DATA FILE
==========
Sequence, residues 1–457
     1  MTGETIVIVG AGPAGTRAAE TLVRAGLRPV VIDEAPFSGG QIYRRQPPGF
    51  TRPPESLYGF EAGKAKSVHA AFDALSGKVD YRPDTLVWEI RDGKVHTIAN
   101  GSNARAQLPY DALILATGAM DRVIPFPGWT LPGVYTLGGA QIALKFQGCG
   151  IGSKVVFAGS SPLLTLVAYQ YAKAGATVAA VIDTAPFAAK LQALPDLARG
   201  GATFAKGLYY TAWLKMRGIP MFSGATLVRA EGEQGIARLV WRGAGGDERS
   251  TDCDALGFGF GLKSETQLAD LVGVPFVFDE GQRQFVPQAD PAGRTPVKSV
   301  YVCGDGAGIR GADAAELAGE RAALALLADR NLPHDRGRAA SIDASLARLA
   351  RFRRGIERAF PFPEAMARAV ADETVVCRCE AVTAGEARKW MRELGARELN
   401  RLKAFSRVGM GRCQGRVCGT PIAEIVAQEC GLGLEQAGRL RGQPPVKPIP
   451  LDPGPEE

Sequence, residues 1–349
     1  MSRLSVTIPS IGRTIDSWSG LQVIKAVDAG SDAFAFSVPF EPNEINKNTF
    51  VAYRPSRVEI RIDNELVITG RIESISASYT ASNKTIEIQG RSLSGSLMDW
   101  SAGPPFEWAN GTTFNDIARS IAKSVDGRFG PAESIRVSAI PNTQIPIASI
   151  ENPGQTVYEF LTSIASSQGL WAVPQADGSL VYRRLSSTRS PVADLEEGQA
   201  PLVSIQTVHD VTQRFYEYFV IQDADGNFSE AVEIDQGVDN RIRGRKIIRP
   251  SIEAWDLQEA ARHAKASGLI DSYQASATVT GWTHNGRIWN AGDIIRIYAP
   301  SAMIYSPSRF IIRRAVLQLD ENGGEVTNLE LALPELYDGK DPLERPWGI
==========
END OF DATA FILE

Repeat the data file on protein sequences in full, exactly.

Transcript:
Sequence, residues 1–457
     1  MTGETIVIVG AGPAGTRAAE TLVRAGLRPV VIDEAPFSGG QIYRRQPPGF
    51  TRPPESLYGF EAGKAKSVHA AFDALSGKVD YRPDTLVWEI RDGKVHTIAN
   101  GSNARAQLPY DALILATGAM DRVIPFPGWT LPGVYTLGGA QIALKFQGCG
   151  IGSKVVFAGS SPLLTLVAYQ YAKAGATVAA VIDTAPFAAK LQALPDLARG
   201  GATFAKGLYY TAWLKMRGIP MFSGATLVRA EGEQGIARLV WRGAGGDERS
   251  TDCDALGFGF GLKSETQLAD LVGVPFVFDE GQRQFVPQAD PAGRTPVKSV
   301  YVCGDGAGIR GADAAELAGE RAALALLADR NLPHDRGRAA SIDASLARLA
   351  RFRRGIERAF PFPEAMARAV ADETVVCRCE AVTAGEARKW MRELGARELN
   401  RLKAFSRVGM GRCQGRVCGT PIAEIVAQEC GLGLEQAGRL RGQPPVKPIP
   451  LDPGPEE

Sequence, residues 1–349
     1  MSRLSVTIPS IGRTIDSWSG LQVIKAVDAG SDAFAFSVPF EPNEINKNTF
    51  VAYRPSRVEI RIDNELVITG RIESISASYT ASNKTIEIQG RSLSGSLMDW
   101  SAGPPFEWAN GTTFNDIARS IAKSVDGRFG PAESIRVSAI PNTQIPIASI
   151  ENPGQTVYEF LTSIASSQGL WAVPQADGSL VYRRLSSTRS PVADLEEGQA
   201  PLVSIQTVHD VTQRFYEYFV IQDADGNFSE AVEIDQGVDN RIRGRKIIRP
   251  SIEAWDLQEA ARHAKASGLI DSYQASATVT GWTHNGRIWN AGDIIRIYAP
   301  SAMIYSPSRF IIRRAVLQLD ENGGEVTNLE LALPELYDGK DPLERPWGI